Museu Do Aljube

Museu Do Aljube, Lisbon: Address, Phone Number, Museu Do Aljube Reviews: 4.5/5

Museu Do Aljube
4.5
Speciality Museums • History Museums
About
Suggested duration
1-2 hours
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The area
Address
Neighborhood: Baixa, Rossio & Restauradores
A pending candidate to become a World Heritage Site, Lisbon's downtown (the "Baixa Pombalina", or simply "Baixa") is a perfect example of anti-earthquake construction, having been rebuilt following the 1755 earthquake by the famous Marquês de Pombal (hence its name). Its offer is vast: restaurants and cafes in Rossio and Restauradores, outlets and shops in the Áurea, Augusta, Prata and other famous streets, the imponent Praça do Comércio and its Arch, the luxury shops along the Avenida da Liberdade, this is the beating heart of the city center. The Baixa also grants easy access to trains leading to Sintra, the trams that go around the Castle hill, old neighborhoods or even take you to Belém, and Lisbon's traditional restaurants and cafes. Considering a visit to the Fashion and Design Museum (free entrance) and don't forget to try the famous liquor, "ginjinha"!
How to get there
  • Terreiro do Paço • 5 min walk
  • Baixa/Chiado • 8 min walk
Popular mentions

4.5
257 reviews
Excellent
174
Very good
69
Average
12
Poor
1
Terrible
1

RafikiLondon
Hong Kong, China503 contributions
Nov 2021
I had just visited the the Castelo de São Jorge for the afternoon and spotted the sign for this museum. The small simple entrance opened up to three floors of fascinating Lisbon, Portuguese and colonial history. But this is not the story of glorious men, fatherland and empire that you will see almost everywhere else in Portugal. Instead these are the difficult and sensitive stories of women and men who were suppressed and silenced both in Portugal and overseas: The Three Marias, the African nationalists and the Anti-fascists. This museum is quite unlike any other and draws back in time when the building itself was a women's prison. For a very different look at the history that many former imperial powers avoid take a walk around here.
Written November 28, 2021
This review is the subjective opinion of a Tripadvisor member and not of TripAdvisor LLC.

Wouter V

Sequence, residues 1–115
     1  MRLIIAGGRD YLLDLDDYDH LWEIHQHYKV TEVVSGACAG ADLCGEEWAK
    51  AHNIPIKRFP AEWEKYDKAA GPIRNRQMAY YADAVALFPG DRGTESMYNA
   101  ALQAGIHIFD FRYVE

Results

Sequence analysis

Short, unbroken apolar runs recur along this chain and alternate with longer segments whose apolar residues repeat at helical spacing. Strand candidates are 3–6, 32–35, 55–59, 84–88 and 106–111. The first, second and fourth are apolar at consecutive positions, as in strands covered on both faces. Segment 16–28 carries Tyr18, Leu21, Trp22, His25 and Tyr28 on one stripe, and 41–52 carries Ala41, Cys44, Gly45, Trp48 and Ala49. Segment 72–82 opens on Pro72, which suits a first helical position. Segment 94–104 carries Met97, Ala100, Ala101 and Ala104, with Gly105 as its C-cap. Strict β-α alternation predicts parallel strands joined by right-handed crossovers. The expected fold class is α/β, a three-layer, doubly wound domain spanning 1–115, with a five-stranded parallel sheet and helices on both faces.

5 contributions
Oct 2021
Worst museum I've ever been to. The texts at the exhibits are poorly translated to English, they all have difficult to follow sentences, are full of unexplained acronyms, and are mostly just a dry summary of years and names. The focus is not on the narrative or the story, it seems like this is a museum for robots. See the pictures attached for examples.
Written October 2, 2021
This review is the subjective opinion of a Tripadvisor member and not of TripAdvisor LLC.

Bronwyn
113 contributions
Sep 2021
Really amazing museum; small but powerful. Went here with a large group which was a bit dicey, but learned a lot about the Salazar era and resistance by the Communist Party of Portugal. Great way to begin my trip and very eye opening.
Written September 9, 2021
This review is the subjective opinion of a Tripadvisor member and not of TripAdvisor LLC.

starlightShanghai
Victoria, Canada3,247 contributions
Jun 2021
Going through this museum is a real education. Doing so revealed to me the level of my own ignorance.

When I first saw the name of the museum I assumed it was related to WW2. I hadn’t the slightest idea of the misery that the Portuguese people endured for so many years under such a brutal dictatorship.

The museum is nicely set out, with brief videoed testimonies from survivors of that period. There are also a few old film clips of dictator Salazar promoting his rather bizarre ‘We do not discuss’ agenda. (The white subtitles are a bit of a challenge to read. Easier with black subtitles.)